HIV, the virus that causes AIDS, is one of the world’s most serious public health challenges. Around 37 million people worldwide are living with HIV. Of these, 1.8 million are children under 15 years of age
- The remarkable research breakthrough that appears to have cured the anonymous “London Patient” of HIV is based on a stem cell transplant involving CCR5-delta 32 homozygous donor cells. This is the same treatment that cured Timothy Ray Brown, known as the “Berlin Patient” when he received two stem cell transplants in 2007 and 2008.
- The news comes nearly 12 years to the day after the first patient known to be cured, a feat that researchers have long tried, and failed, to duplicate. The surprise success now confirms that a cure for HIV infection is possible, if difficult, opine researchers
What Is HIV?
- HIV (human immunodeficiency virus) is a virus that attacks cells that help the body fight infection, making a person more vulnerable to other infections and diseases.
- It is spread by contact with certain bodily fluids of a person with HIV, most commonly during unprotected sex (sex without a condom or HIV medicine to prevent or treat HIV), or through sharing injection drug equipment.
- If left untreated, HIV can lead to the disease AIDS (acquired immunodeficiency syndrome).
- The human body can’t get rid of HIV and no effective HIV cure exists. So, once you have HIV, you have it for life.
- However, by taking HIV medicine (called antiretroviral therapy or ART), people with HIV can live long and healthy lives and prevent transmitting HIV to their sexual partners. In addition, there are effective methods to prevent getting HIV through sex or drug use, including pre-exposure prophylaxis (PrEP) and post-exposure prophylaxis (PEP).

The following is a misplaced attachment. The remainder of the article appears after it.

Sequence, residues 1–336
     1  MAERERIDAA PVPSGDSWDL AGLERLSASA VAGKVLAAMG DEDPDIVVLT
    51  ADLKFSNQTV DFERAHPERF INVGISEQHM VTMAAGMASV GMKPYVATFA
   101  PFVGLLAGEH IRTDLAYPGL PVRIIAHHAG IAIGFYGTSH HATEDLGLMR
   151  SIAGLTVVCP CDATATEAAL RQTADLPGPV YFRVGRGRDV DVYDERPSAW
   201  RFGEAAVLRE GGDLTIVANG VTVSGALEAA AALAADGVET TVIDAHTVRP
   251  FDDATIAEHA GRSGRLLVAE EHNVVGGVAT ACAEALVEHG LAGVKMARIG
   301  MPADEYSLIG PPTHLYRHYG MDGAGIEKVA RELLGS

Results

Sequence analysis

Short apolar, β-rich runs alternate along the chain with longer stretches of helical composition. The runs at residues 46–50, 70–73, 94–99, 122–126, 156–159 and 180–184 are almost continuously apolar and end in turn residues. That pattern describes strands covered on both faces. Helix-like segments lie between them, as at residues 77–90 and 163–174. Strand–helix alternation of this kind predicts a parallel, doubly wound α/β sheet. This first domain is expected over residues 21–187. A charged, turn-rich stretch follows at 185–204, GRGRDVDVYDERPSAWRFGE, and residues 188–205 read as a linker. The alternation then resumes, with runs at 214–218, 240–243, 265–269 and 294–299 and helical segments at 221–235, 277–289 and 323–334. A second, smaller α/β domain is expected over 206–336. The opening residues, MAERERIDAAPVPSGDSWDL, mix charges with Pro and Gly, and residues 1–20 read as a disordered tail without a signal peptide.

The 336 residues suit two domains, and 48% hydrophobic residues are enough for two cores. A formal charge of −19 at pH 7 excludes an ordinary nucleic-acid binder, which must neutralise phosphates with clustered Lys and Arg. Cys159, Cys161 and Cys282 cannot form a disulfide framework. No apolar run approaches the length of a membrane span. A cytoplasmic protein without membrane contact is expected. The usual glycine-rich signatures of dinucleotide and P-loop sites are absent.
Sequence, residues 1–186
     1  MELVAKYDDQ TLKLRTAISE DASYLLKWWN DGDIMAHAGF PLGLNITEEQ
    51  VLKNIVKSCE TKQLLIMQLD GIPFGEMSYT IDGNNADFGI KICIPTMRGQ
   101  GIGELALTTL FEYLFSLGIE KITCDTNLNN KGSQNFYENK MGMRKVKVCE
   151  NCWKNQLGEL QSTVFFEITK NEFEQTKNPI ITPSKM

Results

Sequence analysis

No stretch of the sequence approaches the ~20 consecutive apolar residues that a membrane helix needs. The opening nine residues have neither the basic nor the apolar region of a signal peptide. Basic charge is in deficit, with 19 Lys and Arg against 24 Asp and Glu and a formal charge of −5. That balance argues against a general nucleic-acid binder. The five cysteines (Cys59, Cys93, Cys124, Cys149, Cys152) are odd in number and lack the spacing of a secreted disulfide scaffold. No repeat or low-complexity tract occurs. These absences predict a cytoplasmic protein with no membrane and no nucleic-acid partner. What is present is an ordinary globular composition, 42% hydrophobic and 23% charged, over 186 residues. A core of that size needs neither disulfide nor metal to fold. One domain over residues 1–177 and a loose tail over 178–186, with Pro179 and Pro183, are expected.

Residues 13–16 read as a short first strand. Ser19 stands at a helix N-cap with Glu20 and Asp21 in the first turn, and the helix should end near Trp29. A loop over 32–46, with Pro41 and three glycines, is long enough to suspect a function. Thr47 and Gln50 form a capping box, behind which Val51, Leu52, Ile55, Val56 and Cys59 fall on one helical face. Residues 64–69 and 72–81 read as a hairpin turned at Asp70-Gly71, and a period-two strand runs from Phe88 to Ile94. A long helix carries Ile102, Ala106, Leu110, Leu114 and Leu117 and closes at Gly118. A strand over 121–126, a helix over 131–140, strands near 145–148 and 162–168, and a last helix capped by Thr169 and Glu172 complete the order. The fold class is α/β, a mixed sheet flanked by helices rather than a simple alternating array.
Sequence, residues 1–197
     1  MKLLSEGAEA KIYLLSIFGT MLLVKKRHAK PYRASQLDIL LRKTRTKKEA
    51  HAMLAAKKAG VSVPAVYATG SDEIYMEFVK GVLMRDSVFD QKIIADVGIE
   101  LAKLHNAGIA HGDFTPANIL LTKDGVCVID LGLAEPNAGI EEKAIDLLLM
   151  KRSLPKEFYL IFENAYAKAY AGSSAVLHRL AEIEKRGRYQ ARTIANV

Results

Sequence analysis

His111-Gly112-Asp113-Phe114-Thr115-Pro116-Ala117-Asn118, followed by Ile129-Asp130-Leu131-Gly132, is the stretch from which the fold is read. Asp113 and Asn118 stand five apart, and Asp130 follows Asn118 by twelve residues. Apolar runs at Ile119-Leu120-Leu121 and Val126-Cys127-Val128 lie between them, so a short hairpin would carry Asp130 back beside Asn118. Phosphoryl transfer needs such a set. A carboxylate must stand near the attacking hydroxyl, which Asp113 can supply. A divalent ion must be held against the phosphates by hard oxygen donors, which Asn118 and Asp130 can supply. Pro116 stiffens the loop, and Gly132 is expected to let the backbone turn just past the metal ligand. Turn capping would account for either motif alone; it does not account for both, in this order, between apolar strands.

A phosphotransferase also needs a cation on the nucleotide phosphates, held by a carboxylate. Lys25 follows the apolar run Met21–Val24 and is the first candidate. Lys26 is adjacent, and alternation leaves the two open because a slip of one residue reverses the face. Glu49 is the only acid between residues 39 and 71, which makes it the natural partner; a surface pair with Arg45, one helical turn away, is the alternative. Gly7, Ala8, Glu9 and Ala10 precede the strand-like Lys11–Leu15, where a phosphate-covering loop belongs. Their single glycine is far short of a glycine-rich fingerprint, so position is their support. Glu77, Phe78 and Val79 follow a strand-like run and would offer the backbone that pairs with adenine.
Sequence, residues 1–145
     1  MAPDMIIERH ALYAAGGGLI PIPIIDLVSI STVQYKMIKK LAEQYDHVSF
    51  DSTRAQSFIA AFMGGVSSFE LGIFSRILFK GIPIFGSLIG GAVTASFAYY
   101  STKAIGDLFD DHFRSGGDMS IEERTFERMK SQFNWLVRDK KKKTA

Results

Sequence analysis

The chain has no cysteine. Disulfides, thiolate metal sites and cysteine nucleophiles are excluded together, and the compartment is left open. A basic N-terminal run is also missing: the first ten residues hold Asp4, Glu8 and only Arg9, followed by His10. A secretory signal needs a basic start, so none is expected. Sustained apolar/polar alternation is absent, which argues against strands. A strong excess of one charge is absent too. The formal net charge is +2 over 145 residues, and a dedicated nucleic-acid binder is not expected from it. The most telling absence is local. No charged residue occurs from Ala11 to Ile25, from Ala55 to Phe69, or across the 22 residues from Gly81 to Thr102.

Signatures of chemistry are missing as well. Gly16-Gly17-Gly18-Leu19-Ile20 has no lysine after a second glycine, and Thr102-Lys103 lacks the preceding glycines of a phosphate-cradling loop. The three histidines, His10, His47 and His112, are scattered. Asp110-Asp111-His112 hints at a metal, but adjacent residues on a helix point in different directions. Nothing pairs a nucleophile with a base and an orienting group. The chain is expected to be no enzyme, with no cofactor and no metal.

- First identified in 1981, HIV is the cause of one of humanity’s deadliest and most persistent epidemics.
What Is AIDS?
- AIDS is the late stage of HIV infection that occurs when the body’s immune system is badly damaged because of the virus.
- In the U.S., most people with HIV do not develop AIDS because taking HIV medicine every day as prescribed stops the progression of the disease.
- A person with HIV is considered to have progressed to AIDS when:
- the number of their CD4 cells falls below 200 cells per cubic millimeter of blood (200 cells/mm3). (In someone with a healthy immune system, CD4 counts are between 500 and 1,600 cells/mm3.)
- they develop one or more opportunistic infections regardless of their CD4 count.
- Without HIV medicine, people with AIDS typically survive about 3 years. Once someone has a dangerous opportunistic illness, life expectancy without treatment falls to about 1 year. HIV medicine can still help people at this stage of HIV infection, and it can even be lifesaving. But people who start ART soon after they get HIV experience more benefits—that’s why HIV testing is so important.
- Some people with HIV do not show symptoms until months or even years after contracting the virus.
- However, around 80 percent of people may develop a set of flu-like symptoms known as acute retroviral syndrome around 2–6 weeks after the virus enters the body.
- The early symptoms of HIV infection may include:
- joint pain
- muscle aches
- sore throat
- sweats particularly at night
- enlarged glands
- a red rash
- unintentional weight loss